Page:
What is incredible is that these ants go totally stupid away from the colony. Put 100 army ants on a flat surface and they will march in a circle, endlessly, round and round, until they starve to death.

QUESTION: Why did Neander-thals die out even though they were huge and strong?

ANSWER: We killed them.

For much of "human" history, starting with the emergence of Homo sapiens about half a million years ago, there were three distinct populations of pre-modern people. In Southern Europe and Western Asia were the brutish Neanderthals, with their prominent brow line, stubby limbs and oversized but unsophisticated brains. In Africa were the Middle Stone Age Africans, more closely resembling modern humans but still using primitive tools. In Eastern Asia lived people who resembled neither Neanderthals nor Africans, though the fossil record is incomplete and little is known of them.

About 35,000 years ago, something happened. In Spain and France a new entity appeared, called Cro-Magnon Man. He was us. He could walk into any bowling alley in America and no one would blink. (As Jared Diamond noted in a story called "The Great Leap Forward" in the May issue of Discover magazine, you could probably teach him how to fly an airplane, just as the children of modern "Stone Age" New Guineans have become pilots.)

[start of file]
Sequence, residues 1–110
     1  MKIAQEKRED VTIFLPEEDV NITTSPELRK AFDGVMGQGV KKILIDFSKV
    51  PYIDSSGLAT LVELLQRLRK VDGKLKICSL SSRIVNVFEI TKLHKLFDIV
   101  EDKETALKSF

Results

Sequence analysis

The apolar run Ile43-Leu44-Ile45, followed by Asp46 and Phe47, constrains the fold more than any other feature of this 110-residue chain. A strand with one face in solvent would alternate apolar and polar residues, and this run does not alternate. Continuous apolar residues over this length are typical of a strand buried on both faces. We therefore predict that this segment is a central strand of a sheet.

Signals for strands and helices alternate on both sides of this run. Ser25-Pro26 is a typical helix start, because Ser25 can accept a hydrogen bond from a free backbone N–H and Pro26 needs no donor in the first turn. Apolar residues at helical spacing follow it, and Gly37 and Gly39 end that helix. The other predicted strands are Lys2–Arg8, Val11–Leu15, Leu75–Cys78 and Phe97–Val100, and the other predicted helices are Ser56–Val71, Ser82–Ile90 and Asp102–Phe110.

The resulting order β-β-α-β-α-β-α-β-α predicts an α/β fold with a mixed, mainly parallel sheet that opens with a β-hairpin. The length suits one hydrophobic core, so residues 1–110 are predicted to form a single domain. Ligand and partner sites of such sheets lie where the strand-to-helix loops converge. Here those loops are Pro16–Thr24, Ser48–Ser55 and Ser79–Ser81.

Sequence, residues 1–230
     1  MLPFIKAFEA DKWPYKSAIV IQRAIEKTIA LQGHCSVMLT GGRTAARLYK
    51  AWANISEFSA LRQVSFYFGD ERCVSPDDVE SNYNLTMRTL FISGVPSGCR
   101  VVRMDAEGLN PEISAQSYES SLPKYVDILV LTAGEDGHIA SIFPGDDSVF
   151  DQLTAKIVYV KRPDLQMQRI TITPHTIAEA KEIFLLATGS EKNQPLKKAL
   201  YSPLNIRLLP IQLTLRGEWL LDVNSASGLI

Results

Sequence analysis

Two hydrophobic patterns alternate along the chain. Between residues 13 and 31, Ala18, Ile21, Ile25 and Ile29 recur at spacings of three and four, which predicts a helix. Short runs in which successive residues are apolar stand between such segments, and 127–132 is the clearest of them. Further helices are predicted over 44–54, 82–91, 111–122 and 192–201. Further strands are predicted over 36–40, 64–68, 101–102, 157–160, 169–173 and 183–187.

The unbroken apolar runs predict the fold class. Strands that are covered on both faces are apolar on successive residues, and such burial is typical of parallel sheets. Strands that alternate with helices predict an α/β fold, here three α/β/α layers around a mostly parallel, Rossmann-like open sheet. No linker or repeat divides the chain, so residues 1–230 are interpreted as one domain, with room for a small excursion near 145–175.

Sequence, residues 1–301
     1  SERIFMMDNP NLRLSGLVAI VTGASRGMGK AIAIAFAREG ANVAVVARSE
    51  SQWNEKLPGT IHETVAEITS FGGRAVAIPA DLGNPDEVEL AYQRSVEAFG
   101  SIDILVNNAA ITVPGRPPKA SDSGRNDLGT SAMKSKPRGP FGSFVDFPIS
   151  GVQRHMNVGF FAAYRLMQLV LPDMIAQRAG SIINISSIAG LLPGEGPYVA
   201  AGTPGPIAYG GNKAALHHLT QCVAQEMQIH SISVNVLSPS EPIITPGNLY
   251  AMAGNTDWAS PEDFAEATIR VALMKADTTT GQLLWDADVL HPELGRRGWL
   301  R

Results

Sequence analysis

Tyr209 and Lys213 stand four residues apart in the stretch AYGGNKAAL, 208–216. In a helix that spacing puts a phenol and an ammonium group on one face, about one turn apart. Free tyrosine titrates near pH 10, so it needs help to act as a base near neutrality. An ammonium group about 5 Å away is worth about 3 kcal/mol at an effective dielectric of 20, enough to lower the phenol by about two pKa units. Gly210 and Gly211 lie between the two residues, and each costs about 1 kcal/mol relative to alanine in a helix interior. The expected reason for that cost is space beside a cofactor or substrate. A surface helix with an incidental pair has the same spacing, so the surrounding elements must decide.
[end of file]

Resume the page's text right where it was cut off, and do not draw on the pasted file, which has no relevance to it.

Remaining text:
You probably remember seeing illustrations in school textbooks and in Time-Life coffee table books of the March of Human Evolution, a left-to-right sequence going through several monkey phases, then through the Neanderthal stage, then Cro-Magnon, until finally you see a guy who looks like a TV anchorman only he's naked. Forget all that. Neanderthals didn't evolve into Cro-Magnon men. No, the Cro-Magnon men probably evolved from the Stone Age Africans, and at some point in that process they arrived in Europe, home of the Neanderthals.

Then they killed them. Maybe. There's no actual proof of this. For a long time anthropologists didn't want to admit that noble savages might not be so noble. But the fact is that the last Neanderthals died off about 32,000 years ago . . . shortly after the modern humans arrived.

Hmmmmmm . . .

QUESTION: Why do British rock 'n' roll stars speak in cockney accents but sound like Americans when they sing?

ANSWER: British bands emulated the American accent because they grew up listening to American rhythm-and-blues and early rock 'n' roll. American opera singers, when they sing in Italian, use an Italian accent.

A less obvious reason is that singing tends to mute any accent. According to Rachel Lebon, a music professor at the University of Miami and a singer as well, singing requires the projection of sound on a vowel, as opposed to a consonant. Consonants, more than vowels, get wrecked and abused by accents, or are dropped altogether. You can't do that as easily when you sing.

A reporter asked The Beatles at a 1964 press conference, "Why do you sing like Americans but speak with an English accent?"

John Lennon answered, "It sells better."